Dec 26, 2010

Small but Essential - Exporting Images - Photoshop Tip

Sometimes you don't always want to save as PSD, sometimes you have various reasons you want to save that file and what you want to do with it.
There's quite a number of formats you can export to in Photoshop. Here's a quick tip on which format to use and when:

  • JPEG - Good for exporting to the web. When it comes to adjusting the quality slider ensure that you're previewing at 100% if possible. Artifacts such as square blocks on anti-aliasing or discoloration is only visible at this zoom level. Also note that this will flatten your image. You'll lose your layers if you were to re-open it.
  • PNG - Preserve transparency. They also flatten the image. I used this format for the blog's logo, because if I maintained the transparency I could easily change the background and not worry about having to tweak the header as well.
  • TIFF - An interesting format, TIFFs actually preserve transparency as well. Though I've never used them, TIFFs preserve layers. Interesting...

Know any other good formats? Drop a comment below.

Another important thing to consider is the Resolution. I don't mean the width and height but rather the dots per inch.
When working in PS, you'll want to set:

  • 72 dpi - for stuff to be viewed on a screen, since that's the resolution a majority of screens use and it will also produce the accurate representation of pixels.
  • 300 dpi - for print. Printers use 300 dpi when printing for greater quality. You can print in 72 if the image is small, but it's advised for images that are bigger.

Also note that images of 300 dpi vs 72 dpi will always look much larger. For example, set 1280 x 800 px on an image and toggle these dpi. You'll find that 300 dpi is much much larger... in the view of the screen it is, but in view of the printer it's exactly the size you want: 1280 x 800. Inversely, 72 dpi would be smaller on print. least that's the theory...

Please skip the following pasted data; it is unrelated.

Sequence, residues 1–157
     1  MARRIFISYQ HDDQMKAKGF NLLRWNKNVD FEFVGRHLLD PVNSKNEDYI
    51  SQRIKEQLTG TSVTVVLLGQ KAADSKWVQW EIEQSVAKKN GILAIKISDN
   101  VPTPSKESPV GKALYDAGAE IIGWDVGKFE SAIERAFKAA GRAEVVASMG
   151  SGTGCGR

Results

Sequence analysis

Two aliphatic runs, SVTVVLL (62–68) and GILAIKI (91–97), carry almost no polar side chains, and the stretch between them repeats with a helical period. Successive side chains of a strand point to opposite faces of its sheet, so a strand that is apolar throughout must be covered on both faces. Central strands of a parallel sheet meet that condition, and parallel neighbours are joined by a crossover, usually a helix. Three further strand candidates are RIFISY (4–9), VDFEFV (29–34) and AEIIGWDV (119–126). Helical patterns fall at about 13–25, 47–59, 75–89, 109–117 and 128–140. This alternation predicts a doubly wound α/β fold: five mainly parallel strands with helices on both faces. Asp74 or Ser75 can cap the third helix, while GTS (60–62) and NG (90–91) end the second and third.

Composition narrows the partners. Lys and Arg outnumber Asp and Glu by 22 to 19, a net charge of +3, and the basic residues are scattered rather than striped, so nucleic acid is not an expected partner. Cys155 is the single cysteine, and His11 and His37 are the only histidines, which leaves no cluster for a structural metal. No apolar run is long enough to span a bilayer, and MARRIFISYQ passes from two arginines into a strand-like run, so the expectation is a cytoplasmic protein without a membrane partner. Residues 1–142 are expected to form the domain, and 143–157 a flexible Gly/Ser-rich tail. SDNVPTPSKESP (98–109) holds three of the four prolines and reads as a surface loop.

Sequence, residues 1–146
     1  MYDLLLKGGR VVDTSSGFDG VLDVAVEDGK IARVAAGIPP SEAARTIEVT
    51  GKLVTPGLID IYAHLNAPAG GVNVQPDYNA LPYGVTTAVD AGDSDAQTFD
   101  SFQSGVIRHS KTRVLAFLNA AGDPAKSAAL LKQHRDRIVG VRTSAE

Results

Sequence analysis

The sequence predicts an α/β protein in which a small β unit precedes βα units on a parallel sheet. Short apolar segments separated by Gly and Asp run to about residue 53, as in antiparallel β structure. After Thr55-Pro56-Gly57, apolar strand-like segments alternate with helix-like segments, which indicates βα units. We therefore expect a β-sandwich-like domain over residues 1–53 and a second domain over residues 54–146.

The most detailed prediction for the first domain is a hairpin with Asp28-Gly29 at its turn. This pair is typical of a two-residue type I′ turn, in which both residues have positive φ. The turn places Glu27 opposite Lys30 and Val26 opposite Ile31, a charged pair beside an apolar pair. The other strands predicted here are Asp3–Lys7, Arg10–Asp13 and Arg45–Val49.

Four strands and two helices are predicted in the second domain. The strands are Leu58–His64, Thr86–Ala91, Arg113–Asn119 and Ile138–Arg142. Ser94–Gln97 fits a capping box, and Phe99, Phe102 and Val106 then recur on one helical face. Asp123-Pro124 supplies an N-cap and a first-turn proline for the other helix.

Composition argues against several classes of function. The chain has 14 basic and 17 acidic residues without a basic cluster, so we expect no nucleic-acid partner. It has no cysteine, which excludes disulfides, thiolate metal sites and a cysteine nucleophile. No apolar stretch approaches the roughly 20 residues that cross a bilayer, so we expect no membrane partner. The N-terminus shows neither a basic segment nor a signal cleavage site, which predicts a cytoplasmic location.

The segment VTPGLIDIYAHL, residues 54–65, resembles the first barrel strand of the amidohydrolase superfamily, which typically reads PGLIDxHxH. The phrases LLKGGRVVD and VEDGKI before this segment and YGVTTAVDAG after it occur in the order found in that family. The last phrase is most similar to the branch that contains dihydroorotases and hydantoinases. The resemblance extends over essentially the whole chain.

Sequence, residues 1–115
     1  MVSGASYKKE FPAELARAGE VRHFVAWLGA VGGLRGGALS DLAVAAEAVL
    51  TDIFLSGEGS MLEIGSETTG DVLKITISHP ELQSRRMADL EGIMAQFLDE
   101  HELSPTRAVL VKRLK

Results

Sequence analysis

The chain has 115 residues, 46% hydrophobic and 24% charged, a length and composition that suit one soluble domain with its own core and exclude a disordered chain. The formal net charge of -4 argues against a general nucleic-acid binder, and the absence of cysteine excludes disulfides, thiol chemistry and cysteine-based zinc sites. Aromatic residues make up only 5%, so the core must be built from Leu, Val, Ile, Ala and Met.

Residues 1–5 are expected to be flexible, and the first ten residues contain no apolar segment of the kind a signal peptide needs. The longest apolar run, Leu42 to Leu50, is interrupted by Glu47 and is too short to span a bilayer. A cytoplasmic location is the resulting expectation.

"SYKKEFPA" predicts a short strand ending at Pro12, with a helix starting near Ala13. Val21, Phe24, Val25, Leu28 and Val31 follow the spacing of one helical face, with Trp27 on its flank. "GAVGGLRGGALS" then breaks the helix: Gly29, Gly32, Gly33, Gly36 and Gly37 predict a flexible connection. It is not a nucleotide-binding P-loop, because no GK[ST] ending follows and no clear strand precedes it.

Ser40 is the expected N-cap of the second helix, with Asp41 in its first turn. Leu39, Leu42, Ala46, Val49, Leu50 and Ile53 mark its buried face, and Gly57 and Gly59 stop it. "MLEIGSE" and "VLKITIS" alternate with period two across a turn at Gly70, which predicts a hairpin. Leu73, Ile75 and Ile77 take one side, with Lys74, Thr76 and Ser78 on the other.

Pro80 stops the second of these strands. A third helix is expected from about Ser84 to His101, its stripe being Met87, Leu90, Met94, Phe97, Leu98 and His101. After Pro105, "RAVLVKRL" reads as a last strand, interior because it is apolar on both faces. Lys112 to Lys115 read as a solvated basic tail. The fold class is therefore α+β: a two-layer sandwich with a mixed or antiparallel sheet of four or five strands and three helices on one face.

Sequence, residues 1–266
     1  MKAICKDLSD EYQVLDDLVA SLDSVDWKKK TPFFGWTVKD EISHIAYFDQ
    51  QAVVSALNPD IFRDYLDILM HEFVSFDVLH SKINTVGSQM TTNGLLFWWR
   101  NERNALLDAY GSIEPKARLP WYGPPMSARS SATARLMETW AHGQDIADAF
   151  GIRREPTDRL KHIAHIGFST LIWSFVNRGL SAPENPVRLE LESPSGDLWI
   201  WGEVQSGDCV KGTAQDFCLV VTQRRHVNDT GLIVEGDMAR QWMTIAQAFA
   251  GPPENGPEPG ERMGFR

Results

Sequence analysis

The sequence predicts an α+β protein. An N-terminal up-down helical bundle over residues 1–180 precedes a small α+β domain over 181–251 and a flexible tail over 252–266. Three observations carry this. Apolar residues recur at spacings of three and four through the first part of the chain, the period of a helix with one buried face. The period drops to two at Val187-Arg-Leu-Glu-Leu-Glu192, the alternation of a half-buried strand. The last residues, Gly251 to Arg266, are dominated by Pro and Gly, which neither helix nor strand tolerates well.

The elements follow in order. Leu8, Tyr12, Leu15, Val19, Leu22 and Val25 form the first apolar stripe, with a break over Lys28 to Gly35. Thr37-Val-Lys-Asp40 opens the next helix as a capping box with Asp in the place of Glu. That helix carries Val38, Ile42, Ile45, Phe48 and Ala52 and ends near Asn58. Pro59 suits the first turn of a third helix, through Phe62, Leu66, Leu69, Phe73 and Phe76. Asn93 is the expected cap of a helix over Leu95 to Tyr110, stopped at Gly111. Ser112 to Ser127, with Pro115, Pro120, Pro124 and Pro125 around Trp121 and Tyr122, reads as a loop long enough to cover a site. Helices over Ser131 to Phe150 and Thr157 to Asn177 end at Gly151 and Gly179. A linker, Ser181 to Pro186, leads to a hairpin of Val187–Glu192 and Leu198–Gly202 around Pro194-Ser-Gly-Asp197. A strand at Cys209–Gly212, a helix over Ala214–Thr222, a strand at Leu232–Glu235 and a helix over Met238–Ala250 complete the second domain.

Another thing to consider is the color mode:

  • RGB - Mostly for viewing on screen. RGB starts black and ends white.
  • CMYK - Best for print especially for shirts and press. CMYK images start white and end black.

Black in RGB (0,0,0) is actually about C 75, M 68, Y 67 and K 90. Basically, CMYK colors range further... at least in theory...So, remember this when working. If ever you should print and the colors look weird/different, try changing the color mode to CMYK then printing again (you can preview an image in PS in CMYK by pressing Ctrl+Y)

Before you go freaking out, it's good to remember that most of the time things don't get very specific. Perhaps the only relevant point out of all I've said in this point is the resolution (72 vs 300 dpi).


  1. In my experience with graphics (especially for print )your better placed using the RGB color mode for print as many fast printing laser jet printers communicate using this code. Moreover it givers you better results because whatever you see on the screen is exactly what you will see on print in terms of color.

  2. Yea that makes sense. This information was gathered from a print company that, come to think of it, uses old school printing methods, so I actually do not have any experience on it. Thanks for the input :-D